The pay television sector has made a comprehensive and pointed challenge to the ABC and SBS and their claims on the public purse.

In one of more than 2400 submissions to the Federal Government’s review of public broadcasting released last Friday, the Australian Subscription Television and Radio Association protests that it supports public broadcasting — while taking a hit at almost every aspect of the ABC’s vision for the future.

ASTRA argues that the ABC and SBS should receive government money for new channels only in cases where there is a clear market failure and contends there is no evidence of market failure in news reporting, children’s content, education or overseas content. After all, there is Skynews, A-Pac and a big handful of pay television channels devoted to children’s content.

Even if there is a market failure, ASTRA says, then the money to address it should not go straight to the ABC and SBS. The required services should be put out to tender.

Likewise spectrum. If that is available, it too should be put out to competitive auction, not given to the public broadcasters.

ASTRA goes on to argue that the ABC should not be allowed to raise money by selling its content, whether in DVD format or online, in competition to pay television.

Finally, it criticises the ABC and SBS for being “increasingly aggressive” in demanding “hold back” clauses in production contracts to block programming being made available to subscription television.

This is a nice reverse on the arguments one hears within the ABC from those opposed to outsourcing. It is usually claimed that outsourcing leads to taxpayer’s money being used to fund content that will be on-sold to pay television once the ABC’s season is over. ASTRA has a very different take. It suggests the ABC and SBS should make content available to them more quickly, as part of the public broadcasters’ commitment to distribute material as widely as possible.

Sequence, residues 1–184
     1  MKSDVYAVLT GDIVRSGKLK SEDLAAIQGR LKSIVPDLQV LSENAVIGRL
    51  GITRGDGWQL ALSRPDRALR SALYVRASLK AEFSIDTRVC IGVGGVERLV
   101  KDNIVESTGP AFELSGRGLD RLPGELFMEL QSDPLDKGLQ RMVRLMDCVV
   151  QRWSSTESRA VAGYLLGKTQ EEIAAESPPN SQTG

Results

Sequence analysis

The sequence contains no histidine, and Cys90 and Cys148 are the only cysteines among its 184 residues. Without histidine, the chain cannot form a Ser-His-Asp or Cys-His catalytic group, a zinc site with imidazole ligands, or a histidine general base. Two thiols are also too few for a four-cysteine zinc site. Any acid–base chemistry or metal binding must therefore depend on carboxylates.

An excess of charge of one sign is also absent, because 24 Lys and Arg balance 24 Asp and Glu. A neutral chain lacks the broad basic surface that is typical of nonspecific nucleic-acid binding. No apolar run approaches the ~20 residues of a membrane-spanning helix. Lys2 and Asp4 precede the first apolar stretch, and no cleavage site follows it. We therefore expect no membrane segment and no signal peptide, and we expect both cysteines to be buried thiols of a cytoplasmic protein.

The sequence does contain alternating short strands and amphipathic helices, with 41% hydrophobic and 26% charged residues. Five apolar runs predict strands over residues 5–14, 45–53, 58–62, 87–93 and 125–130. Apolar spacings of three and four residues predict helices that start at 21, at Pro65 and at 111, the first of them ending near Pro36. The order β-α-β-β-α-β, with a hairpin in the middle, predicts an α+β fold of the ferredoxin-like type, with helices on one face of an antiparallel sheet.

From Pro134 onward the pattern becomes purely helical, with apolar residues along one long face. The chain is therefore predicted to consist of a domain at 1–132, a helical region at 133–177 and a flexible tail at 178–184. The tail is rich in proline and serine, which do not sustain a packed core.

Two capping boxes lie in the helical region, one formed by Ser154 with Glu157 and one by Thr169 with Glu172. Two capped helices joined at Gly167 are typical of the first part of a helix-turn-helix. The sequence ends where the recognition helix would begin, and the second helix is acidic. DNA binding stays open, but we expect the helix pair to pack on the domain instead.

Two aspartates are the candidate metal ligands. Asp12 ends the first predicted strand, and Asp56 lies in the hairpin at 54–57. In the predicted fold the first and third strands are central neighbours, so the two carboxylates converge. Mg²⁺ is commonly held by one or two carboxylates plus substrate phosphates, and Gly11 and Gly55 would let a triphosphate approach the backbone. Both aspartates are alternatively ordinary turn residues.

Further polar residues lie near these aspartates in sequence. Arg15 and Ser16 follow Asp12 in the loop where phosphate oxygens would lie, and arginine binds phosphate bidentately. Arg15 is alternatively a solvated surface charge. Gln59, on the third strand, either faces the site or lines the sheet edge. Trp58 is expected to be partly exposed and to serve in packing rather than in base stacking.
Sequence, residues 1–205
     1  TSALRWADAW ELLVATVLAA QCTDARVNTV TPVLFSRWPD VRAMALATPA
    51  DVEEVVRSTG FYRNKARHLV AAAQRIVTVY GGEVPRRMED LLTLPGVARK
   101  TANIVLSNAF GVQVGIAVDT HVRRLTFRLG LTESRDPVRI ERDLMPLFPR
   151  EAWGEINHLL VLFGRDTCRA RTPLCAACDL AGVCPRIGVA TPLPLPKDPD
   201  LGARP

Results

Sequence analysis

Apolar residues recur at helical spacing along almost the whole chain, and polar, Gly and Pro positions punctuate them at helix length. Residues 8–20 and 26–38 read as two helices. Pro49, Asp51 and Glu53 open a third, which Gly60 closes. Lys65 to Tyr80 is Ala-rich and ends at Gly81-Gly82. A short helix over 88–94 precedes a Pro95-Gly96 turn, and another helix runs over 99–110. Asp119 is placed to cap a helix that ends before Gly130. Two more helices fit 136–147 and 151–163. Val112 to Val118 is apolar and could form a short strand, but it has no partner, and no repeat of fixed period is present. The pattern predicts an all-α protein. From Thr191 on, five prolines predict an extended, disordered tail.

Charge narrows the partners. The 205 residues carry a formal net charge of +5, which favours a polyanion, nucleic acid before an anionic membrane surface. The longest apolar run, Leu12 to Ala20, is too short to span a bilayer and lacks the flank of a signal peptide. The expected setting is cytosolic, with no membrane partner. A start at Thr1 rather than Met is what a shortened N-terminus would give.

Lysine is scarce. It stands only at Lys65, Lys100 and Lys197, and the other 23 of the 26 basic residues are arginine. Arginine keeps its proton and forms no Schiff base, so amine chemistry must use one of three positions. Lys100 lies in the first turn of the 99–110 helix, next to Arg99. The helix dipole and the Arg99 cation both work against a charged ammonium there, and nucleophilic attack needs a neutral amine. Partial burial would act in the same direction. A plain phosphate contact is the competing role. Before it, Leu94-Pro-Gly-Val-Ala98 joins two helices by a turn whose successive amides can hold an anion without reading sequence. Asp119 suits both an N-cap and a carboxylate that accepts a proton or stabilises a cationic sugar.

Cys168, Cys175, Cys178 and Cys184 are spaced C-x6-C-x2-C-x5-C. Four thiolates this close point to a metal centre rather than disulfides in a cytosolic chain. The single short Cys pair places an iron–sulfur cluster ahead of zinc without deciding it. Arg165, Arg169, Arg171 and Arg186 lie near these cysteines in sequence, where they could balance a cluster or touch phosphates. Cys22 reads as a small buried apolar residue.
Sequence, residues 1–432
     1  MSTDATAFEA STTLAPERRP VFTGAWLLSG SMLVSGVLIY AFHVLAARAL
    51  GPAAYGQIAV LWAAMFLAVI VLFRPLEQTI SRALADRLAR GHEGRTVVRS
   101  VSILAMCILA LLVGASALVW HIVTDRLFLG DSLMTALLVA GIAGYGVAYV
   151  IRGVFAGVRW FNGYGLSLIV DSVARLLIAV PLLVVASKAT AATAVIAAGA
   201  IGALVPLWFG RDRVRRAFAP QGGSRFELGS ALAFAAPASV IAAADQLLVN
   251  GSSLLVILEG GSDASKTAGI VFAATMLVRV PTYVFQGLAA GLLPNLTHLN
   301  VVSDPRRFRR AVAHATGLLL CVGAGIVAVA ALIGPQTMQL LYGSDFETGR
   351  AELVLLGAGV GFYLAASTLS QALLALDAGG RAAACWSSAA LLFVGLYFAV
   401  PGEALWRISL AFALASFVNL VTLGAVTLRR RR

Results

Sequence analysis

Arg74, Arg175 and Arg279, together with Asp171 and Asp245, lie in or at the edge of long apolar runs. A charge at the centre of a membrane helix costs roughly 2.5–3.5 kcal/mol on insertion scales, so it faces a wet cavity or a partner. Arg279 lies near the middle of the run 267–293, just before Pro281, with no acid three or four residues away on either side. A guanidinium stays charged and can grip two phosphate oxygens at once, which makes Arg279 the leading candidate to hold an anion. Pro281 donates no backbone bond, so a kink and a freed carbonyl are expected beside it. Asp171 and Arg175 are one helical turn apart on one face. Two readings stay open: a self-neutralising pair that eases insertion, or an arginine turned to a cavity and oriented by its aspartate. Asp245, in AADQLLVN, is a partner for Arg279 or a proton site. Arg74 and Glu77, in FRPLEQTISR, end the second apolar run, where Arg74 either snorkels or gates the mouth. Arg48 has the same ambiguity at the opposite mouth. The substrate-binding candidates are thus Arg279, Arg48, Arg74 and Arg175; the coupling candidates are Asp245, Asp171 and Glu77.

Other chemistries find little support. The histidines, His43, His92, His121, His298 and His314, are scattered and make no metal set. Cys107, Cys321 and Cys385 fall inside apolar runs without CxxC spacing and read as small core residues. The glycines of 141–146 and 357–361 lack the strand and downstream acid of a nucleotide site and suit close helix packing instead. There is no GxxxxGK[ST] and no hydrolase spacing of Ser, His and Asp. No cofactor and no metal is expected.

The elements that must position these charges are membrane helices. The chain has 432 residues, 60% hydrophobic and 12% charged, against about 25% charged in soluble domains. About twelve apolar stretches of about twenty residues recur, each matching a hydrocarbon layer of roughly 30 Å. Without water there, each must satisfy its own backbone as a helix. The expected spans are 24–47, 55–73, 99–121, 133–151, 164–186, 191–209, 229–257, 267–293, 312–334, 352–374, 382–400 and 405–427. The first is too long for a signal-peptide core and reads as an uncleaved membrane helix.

The ASTRA submission directly challenges almost every leg of the ABC’s funding pitch and claims to relevance. ABC Managing Director Mark Scott has used words like “market failure” at every opportunity to press his claim for government money for children’s content, investigative journalism and more Australian content.

It is increasingly clear that in the battle for continued relevance in broadcasting, the main antagonists are pay television and the public broadcasters. Both embrace multichanneling, which the commercial free to air networks cannot do.

Both aspire to provide high quality specialised content to niche audiences.

This is the context for the recent stoush over Foxtel’s public affairs channel A-pac, which I have reported on before.

What continued claim does the ABC and SBS have on the public purse? The answers are, on a reading of the submissions: the ability to reach all Australians; the ability to innovate and take risks free from commercial pressure; and a commitment to Australian content.

Peter Fray

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